Behrens, who focuses on making investments in the energy, distribution and industrial sectors, and Kurz, a petroleum engineer from Texas A&M University with a thick Texas accent, got to work. Behrens handled the financial aspect, leveraging his experience at Chase working out loans for steel, aluminum and basic manufacturing companies in the late 1980s, when those industries were flat on their backs. Kurz, who was responsible for $36 billion worth of oil and gas deals during his nine years at Anadarko, provided technical expertise.

Kurz and Behrens came up with a plan that involved developing core assets, including drilling or participating in 300 wells last year. Kurz wanted to use a technique involving the injection of carbon dioxide to force additional oil out of older, depleted reservoirs. The process would more than double Chaparral’s existing reserves. Behrens and Kurz also laid out plans to add a chief operating officer and a new head of the carbon initiative, and to push decision making down to the field level. “Mark had a lot of inventory of assets to go after, but he had to add human capital to the organization,” Behrens says.

Behrens emphasizes that Fischer started with just $5,000 and a secretary. “He’s an entrepreneur, so he made decisions himself,” he says. “Most of those were the right ones, but you can only do that for so long.”

Adds Kurz, “Mark had looked at initiatives like these over the years, but hiring people from the outside allows him to take the company to the next level.”

Not all of CCMP’s investments have been so well timed, of course. The firm invested in Generac, a North American manufacturer of standby power generators for residential and commercial use, in November 2006, not far from the peak of the private equity market. Murray, whose style, personality and approach to deal making have not changed since he began his career, according to peers, liked the sector and that Generac was owned by an entrepreneur, Robert Kern. Murray says CCMP reasoned that the U.S. had not made the necessary investments in energy infrastructure and that power outages would continue to increase, growing the overall market for generators. Kern had managed Generac well but had not made full use of opportunities such as third-party distribution arrangements. “We like taking an entrepreneurial environment and making it more professional,” says Murray, who led the deal with Walsh.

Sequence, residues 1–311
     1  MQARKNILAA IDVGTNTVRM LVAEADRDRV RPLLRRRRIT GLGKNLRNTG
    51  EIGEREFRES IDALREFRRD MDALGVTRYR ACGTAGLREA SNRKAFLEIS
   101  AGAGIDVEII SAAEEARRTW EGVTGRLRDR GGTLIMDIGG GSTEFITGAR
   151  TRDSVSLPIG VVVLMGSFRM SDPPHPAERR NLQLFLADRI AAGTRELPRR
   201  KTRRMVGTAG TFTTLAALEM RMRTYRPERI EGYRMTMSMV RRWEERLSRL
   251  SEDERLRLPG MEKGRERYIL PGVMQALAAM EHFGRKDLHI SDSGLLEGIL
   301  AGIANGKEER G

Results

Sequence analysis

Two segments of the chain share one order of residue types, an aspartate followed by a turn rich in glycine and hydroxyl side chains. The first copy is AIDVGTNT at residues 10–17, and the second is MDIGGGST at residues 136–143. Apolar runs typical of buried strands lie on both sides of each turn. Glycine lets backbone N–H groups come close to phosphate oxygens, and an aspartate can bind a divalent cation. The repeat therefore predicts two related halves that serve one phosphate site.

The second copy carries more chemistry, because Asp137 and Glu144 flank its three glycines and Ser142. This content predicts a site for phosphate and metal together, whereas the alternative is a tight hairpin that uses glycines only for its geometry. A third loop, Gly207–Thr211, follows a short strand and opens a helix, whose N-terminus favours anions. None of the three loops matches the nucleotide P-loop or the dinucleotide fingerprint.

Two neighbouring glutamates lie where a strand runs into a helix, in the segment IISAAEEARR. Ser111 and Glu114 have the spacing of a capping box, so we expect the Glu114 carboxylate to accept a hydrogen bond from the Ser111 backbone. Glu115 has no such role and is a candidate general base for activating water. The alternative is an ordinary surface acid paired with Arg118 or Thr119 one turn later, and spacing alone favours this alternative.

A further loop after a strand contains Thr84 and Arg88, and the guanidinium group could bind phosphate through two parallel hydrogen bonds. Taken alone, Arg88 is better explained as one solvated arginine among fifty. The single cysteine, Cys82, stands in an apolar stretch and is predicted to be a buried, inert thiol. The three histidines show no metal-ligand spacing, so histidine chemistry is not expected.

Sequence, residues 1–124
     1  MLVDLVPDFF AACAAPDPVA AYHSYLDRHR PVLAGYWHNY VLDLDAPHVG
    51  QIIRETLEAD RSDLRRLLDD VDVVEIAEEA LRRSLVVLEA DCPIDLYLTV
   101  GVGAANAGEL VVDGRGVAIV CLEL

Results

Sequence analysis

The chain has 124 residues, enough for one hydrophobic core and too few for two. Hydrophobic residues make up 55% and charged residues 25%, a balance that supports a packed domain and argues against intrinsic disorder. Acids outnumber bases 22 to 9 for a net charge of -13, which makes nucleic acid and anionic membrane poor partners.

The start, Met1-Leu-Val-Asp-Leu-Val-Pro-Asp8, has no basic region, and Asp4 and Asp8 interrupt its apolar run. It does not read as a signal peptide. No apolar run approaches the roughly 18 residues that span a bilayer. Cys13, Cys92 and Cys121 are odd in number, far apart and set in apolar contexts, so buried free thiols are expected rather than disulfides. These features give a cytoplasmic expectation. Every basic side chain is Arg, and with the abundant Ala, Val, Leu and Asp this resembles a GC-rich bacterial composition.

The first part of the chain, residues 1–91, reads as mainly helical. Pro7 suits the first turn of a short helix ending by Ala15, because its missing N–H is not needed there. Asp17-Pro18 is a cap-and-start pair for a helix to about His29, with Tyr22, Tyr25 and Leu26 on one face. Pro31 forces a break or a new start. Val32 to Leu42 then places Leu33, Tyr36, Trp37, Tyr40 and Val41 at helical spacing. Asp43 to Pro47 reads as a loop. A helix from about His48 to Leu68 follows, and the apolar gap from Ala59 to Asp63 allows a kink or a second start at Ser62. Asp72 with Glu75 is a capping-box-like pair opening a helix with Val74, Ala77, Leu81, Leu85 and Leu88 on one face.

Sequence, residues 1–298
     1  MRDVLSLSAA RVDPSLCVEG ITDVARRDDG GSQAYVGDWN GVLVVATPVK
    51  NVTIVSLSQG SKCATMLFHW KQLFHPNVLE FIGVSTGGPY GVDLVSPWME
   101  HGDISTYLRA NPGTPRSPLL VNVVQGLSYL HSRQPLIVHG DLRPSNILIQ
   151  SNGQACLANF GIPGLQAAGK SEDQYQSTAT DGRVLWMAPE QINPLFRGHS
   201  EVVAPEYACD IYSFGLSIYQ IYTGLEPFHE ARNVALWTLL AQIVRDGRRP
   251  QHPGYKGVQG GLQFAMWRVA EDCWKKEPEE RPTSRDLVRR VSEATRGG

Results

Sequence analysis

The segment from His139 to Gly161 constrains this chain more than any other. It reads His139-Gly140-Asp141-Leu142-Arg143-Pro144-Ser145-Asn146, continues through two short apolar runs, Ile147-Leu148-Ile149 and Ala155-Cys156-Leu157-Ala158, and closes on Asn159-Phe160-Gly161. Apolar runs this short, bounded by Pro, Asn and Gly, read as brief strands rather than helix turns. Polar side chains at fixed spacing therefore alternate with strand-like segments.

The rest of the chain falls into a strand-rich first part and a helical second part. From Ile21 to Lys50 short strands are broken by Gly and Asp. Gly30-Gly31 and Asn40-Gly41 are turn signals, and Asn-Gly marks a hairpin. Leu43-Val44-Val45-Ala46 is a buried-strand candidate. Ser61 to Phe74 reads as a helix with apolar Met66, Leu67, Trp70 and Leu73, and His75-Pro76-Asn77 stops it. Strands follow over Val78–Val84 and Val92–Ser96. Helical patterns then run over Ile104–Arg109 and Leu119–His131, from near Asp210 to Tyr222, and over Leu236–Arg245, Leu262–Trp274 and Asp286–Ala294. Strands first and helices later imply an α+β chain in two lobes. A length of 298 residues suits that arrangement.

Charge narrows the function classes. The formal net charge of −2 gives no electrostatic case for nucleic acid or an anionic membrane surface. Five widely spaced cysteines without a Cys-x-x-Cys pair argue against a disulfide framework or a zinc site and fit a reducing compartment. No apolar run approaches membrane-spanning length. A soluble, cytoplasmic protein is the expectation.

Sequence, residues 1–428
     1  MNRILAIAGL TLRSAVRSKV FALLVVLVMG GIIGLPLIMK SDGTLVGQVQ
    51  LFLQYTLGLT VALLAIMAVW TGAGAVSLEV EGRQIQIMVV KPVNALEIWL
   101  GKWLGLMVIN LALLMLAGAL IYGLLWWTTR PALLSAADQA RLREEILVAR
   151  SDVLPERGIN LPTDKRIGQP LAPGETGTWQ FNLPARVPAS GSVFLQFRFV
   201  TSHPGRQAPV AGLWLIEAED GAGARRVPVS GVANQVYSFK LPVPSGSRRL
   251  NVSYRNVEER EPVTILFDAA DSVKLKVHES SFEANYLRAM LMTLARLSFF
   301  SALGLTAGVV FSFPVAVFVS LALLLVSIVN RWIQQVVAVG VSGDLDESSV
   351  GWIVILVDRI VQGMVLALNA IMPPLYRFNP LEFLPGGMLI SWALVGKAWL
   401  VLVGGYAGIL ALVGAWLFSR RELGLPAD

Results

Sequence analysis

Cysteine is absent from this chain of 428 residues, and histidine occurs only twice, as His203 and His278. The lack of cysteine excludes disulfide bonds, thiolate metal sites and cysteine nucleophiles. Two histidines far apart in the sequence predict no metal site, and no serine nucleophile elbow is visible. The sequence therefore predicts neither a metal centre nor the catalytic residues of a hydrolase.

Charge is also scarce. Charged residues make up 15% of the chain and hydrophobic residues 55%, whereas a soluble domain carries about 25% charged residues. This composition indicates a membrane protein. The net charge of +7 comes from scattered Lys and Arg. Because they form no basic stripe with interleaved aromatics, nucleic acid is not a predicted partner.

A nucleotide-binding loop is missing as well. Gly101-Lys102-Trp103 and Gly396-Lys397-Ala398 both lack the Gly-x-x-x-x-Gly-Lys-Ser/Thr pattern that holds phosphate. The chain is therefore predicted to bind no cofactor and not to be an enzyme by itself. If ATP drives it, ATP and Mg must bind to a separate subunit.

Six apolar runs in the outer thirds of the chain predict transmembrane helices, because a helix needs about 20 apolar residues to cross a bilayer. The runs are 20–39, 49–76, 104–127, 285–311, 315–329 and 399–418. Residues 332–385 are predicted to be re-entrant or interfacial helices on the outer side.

Generac performed well its first year. But then came the recession, and sales of consumer durables such as generators, which can cost upward of $20,000, were hit hard. Murray and Walsh spent 2008 and part of 2009 deleveraging the company by buying back some of its debt at steep discounts. By the end of 2009, the company had recovered, and CCMP had helped it enter new markets such as portable standby generators. CCMP decided to take Generac public when the IPO window opened up early last year. On February 11, Generac began trading at $13 a share. (After falling last spring, it has since risen to more than $16 a share.) “We’re very proud,” Murray says. “A lot of deals of that genre didn’t do well.”

Private equity is at a turning point. Although some froth has returned to the market — credit is more widely available than some would have thought in the depths of 2008 — the brash deal making of the last decade will not return any time soon. In this environment, Murray is confident that his firm’s discipline and operations experience will give CCMP an edge. A little humility helps too. “Steve is never defensive,” Dimon says. “He’s the first to say you’re right about something.” In the new world of private equity, that kind of attitude is going to be sorely needed.